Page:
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Citrus could help fight effects of obesity, study finds

FreshPlaza - A group of researchers has found that citrus fruits help prevent harmful effects of obesity in mice fed a Western-style, high-fat diet.

A group of researchers has found that citrus fruits help prevent harmful effects of obesity in mice fed a Western-style, high-fat diet.

The Brazilian scientists presented their findings on the weekend at the National Meeting & Exposition of the American Chemical Society (ACS).

“Our results indicate that in the future we can use citrus flavanones, a class of antioxidants, to prevent or delay chronic diseases caused by obesity in humans,” graduate student Paula S. Ferreira said.

More than one-third of all adults in the U.S. are obese, according to the U.S. Centers for Disease Control and Prevention.

Being obese increases the risk of developing heart disease, liver disease and diabetes, most likely because of oxidative stress and inflammation, Ferreira said.

When humans consume a high-fat diet, they accumulate fat in their bodies. Fat cells produce excessive reactive oxygen species, which can damage cells in a process called oxidative stress.

The body can usually fight off the molecules with antioxidants, but obese patients have very enlarged fat cells, which can lead to even higher levels of reactive oxygen species that overwhelm the body’s ability to counteract them.

Citrus fruits contain large amounts flavanones, which previous studies have linked to lowering oxidative stress in vitro and in animal models.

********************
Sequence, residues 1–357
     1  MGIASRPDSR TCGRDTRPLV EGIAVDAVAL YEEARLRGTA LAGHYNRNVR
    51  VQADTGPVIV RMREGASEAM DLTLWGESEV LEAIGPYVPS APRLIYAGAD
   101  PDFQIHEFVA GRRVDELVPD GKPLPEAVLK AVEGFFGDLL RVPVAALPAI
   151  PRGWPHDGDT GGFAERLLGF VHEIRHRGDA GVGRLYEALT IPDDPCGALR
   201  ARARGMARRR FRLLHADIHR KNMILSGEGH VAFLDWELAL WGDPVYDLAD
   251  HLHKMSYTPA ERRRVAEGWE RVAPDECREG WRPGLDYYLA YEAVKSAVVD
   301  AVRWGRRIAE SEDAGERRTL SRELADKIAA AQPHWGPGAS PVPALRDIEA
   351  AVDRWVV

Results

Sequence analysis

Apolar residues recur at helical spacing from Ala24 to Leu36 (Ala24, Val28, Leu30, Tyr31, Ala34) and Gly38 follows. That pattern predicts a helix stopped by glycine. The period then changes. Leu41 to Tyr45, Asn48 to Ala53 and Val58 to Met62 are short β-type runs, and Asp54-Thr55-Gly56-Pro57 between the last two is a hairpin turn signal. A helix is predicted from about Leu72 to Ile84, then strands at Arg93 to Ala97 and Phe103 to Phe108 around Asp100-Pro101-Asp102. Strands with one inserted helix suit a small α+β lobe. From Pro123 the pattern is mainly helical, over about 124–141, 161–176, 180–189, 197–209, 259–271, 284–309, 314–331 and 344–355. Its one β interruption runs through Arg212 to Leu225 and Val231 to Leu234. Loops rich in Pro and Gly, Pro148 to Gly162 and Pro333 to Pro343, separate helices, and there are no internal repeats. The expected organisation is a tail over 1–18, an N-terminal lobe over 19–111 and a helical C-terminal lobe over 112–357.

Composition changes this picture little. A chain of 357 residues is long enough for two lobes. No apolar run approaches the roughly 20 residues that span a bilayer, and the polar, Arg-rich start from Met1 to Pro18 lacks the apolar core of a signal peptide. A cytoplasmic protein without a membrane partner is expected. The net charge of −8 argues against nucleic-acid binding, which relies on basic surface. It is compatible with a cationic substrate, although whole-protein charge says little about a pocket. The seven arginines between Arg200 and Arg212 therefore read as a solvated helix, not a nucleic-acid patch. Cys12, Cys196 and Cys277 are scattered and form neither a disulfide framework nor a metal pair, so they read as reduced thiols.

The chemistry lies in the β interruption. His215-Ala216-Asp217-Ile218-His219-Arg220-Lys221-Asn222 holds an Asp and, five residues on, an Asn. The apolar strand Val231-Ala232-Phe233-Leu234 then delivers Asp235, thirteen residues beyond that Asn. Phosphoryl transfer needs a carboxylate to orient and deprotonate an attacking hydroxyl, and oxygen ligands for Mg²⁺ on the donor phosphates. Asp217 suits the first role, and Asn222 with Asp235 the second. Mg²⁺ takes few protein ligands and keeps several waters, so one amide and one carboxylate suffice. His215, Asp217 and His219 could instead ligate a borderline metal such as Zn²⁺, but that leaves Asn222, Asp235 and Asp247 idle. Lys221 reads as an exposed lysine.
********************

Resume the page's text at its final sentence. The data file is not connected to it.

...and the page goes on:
In this study, the researchers wanted to observe the effects of citrus flavanones for the first time on mice with no genetic modifications and that were fed a high-fat diet.

The team, at Universidade Estadual Paulista (UNESP) in Brazil, conducted an experiment with 50 mice, treating them with flavanones found in oranges, limes and lemons.

The flavanones they focused on were hesperidin, eriocitrin and eriodictyol. For one month, researchers gave groups either a standard diet, a high-fat diet, a high-fat diet plus hesperidin, a high-fat diet plus eriocitrin or a high-fat diet plus eriodictyol.

The high-fat diet without the flavanones increased the levels of cell-damage markers called thiobarbituric acid reactive substances (TBARS) by 80% in the blood and 57% in the liver compared to mice on a standard diet.

However, hesperidin, eriocitrin and eriodictyol decreased the TBARS levels in the liver by 50%, 57% and 64% respectively, compared with mice fed a high-fat diet but not given flavanones. Eriocitrin and eriodictyol also reduced TBARS levels in the blood by 48% and 47%, respectively, in these mice.

“Our studies did not show any weight loss due to the citrus flavanones,” team leader Thais B. Cesar said.

“However, even without helping the mice lose weight, they made them healthier with lower oxidative stress, less liver damage, lower blood lipids and lower blood glucose.”

Ferreira said the study also suggested consuming citrus fruits ‘probably could have beneficial effects’ for people who are not obese, but have diets rich in fats.

The team’s next goal is to explore how best to administer these flavanones, whether in citrus juice, by consuming the fruit or developing a pill with these antioxidants. There are also plans to conduct studies involving humans.



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